[plt-scheme] Questions about contracts

From: Robby Findler (robby at cs.uchicago.edu)
Date: Mon Apr 16 07:36:37 EDT 2007

The contract system currently doesn't go inside and/c contracts when
printing out the specific part of the contract that failed. This is
both good and bad. In your case, you'd like a little less context, but
if you use contracts like 'integer?' it can sometimes be convenient to
have a little more context in the contract error message.

I've considered adding some kind of path information to the error
messages, but that adds additional complexity too, so haven't
attempted it yet.


On 4/15/07, Henk Boom <lunarc.lists at gmail.com> wrote:
> Hi, I'm trying to get a hang of the PLT contracts system. Coming from
> Eiffel, it feels a little awkward. =(
> I'm writing a simple object system, and I want to write a contract
> which prevents someone from adding the same signal to an object twice.
> Here's what I've written for this. It is a procedure which takes an
> object and a signal name as parameters and adds the signal to the
> object.
>   (define/contract add-signal
>     (->r ((object (and/c object?
>                          (not/c (has-signal/c name))))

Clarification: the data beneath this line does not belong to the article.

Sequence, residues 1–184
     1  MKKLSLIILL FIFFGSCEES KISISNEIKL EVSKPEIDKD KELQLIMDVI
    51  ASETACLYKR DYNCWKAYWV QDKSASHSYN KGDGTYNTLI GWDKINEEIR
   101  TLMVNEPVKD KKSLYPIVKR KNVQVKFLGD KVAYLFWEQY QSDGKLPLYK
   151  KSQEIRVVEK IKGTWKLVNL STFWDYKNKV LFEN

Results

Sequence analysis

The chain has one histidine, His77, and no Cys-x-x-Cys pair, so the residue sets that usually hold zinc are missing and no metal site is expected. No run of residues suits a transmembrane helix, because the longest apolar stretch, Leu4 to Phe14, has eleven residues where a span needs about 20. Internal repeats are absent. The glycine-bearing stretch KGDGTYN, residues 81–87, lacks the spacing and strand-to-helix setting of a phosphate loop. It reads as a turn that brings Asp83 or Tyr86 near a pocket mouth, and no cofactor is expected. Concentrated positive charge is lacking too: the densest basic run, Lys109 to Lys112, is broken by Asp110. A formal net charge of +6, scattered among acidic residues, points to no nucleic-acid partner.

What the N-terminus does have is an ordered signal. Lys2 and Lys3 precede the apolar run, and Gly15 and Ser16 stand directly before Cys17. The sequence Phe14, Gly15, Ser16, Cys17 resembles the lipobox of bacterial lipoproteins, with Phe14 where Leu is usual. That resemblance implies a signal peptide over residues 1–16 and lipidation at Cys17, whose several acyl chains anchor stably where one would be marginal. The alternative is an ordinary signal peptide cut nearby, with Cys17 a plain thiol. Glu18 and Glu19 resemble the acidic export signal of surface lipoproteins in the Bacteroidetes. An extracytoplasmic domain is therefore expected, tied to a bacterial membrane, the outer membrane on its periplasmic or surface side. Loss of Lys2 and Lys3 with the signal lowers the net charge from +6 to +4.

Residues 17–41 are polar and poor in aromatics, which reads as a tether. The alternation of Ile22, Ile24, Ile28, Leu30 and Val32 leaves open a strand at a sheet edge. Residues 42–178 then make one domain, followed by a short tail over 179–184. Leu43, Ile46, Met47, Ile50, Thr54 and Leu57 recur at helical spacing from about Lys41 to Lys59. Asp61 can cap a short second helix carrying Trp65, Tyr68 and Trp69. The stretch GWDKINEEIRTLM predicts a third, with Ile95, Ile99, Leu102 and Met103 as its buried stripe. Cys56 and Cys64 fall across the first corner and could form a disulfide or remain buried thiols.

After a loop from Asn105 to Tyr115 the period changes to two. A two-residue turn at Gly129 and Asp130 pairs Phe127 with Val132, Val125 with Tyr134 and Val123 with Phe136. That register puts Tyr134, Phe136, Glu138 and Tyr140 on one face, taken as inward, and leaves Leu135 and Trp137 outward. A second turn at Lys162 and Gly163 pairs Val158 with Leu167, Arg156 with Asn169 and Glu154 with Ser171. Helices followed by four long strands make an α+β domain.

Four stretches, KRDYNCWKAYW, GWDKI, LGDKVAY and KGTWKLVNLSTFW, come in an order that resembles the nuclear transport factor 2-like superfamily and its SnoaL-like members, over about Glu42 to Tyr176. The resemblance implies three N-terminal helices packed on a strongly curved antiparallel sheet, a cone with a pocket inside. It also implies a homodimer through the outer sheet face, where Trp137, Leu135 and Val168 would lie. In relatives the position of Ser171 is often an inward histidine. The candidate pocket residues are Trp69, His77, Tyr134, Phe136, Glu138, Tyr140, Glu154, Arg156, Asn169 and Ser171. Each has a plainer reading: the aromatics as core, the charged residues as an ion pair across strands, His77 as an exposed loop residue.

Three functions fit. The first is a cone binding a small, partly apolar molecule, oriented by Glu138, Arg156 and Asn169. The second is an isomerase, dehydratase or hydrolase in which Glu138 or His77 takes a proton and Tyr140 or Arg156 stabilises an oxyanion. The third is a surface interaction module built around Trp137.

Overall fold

>           (name symbol?))
>          void?)
>     (lambda (object name)
>       (set-object-signals!
>         object
>         (cons (make-signal name #f '())
>               (object-signals object)))))
> >From looking at the error message I'm starting to worry about what
> will happen with more complicated contracts:
> ---
> > (define foo (new-object))
> > (add-signal foo 'bar)
> > (add-signal foo 'bar)
> 50: 49 broke the contract
>   (->r ((object ...) (name ...)) ...)
> on add-signal; expected <(and/c object? (not/c has-signal))>, given:
> #<struct:object>
> [unknown source]: (temp9 object)
> [unknown source]: (val (temp9 object) (symbol?10 name))
> [unknown source]: (rng-id (val (temp9 object) (symbol?10 name)))
> [unknown source]: (let-values (((unused-id) (rng-id (val (temp9 ....)
> (....))))) (check-post-expr->pp/h val #t src-...
> ---
> It says that the contract on the first argument is broken, but it
> doesn't show which part of it. In this specific case it can sort of be
> inferred that it's the second component of the and/c which is failing,
> but what will I do when I have more elaborate contracts on the
> arguments?
>     Henk
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